I first heard the words from my mother, who spoke them shortly after my brother died following a car accident in October 1985, two months before his 19th birthday: A parent’s worst nightmare is having to bury their child. It’s supposed to be the other way around.
I’ve never forgotten those two sentences, especially now as the father of two children, and they came painfully to mind three years ago when I learned of the tragic death of Josh Stevens. I was volunteering in my son’s fifth-grade class on a Monday morning when his teacher told me about a student who perished the previous weekend in a horrific accident. She said the 12-year-old victim was Stevens, and while the name didn’t register at first, later that night it hit me: Josh’s father, Drew, had coached my daughter’s T-ball team that very spring.
Suddenly, an unfathomable tragedy got a little more personal. I didn’t know Drew or his wife, Barbara, outside of the T-ball experience, but I knew that they lived for their three children. I also knew, as someone who lost his brother more than two decades earlier, that their lives would never be the same.
I have had personal contact with the Stevens family just twice since Josh’s accident: at a memorial at Josh’s middle school a couple of days after his passing, and at a local restaurant on—of all days—Mother’s Day a couple of years ago. But barely a day goes by that I’m not reminded of the Stevens family. That’s because in the aftermath of Josh’s death, his grieving parents decided to form the Josh Stevens Foundation, a tribute as unique as their son’s spirit.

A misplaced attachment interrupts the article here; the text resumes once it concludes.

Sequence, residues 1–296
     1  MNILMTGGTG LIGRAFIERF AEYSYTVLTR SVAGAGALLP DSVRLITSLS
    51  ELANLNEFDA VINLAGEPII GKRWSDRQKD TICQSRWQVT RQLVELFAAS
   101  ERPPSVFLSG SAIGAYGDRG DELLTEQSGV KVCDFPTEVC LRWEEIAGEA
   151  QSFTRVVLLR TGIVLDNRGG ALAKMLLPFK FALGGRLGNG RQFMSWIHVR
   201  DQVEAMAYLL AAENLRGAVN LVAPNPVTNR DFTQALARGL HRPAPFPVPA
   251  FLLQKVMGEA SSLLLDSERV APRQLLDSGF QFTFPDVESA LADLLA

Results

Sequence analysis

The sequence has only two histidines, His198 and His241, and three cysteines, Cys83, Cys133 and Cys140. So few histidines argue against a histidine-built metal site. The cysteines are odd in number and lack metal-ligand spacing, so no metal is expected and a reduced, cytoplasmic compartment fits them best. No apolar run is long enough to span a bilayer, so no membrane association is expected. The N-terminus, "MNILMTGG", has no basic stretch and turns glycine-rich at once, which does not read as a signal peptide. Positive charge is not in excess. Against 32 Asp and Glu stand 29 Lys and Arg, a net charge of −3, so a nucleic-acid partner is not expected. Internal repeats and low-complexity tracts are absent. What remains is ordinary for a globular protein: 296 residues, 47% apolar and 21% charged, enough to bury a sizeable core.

The foundation’s message is rooted in the one word that the Stevens family believed summed up Josh to the core: kindness. So they made it their mission to not only remind family and friends of their son’s caring heart, but also to introduce it to a community that never got the chance to experience it.
Within weeks of Josh’s death, former classmates at Vanderburg elementary and Bob Miller middle schools began sporting “Be Kind …” T-shirts with various inspirational slogans printed on the back. And when classmates were “caught” being kind—helping a fellow student in need, picking up trash, etc.—they’d receive a tri-fold card that included a poem, Josh’s story and a gift card (usually valued at $5) from an area business.
Nearly three years later, more than 40,000 “Be Kind …” T-shirts have been purchased and/or distributed and 25,000 “Kindness Cards” have been issued, with the foundation donating proceeds to help needy families and individuals. The family is spreading the message via billboards throughout the Valley and even as far away as Oregon. And from 11 a.m. to 7 p.m. Sept. 24, the foundation will host its first “Joshi’s Jamboree” at Combat Zone Paintball (13011 Las Vegas Blvd. South)—a place whose opening Josh had awaited but never got to see.
More than 90 area schools have been invited to take part in the jamboree, which is open to the public. Barbara and Drew, along with surviving children Shelbie and Sam, will attend, no doubt looking for kids engaging in the kind of thoughtful acts Josh would’ve encouraged. They’ll reward those kids with “Kindness Cards,” and they will smile and they will cry. And while there is no formal blueprint for grieving and moving on, there is—as Josh proved in his 12 short years—a blueprint for living life: Be kind.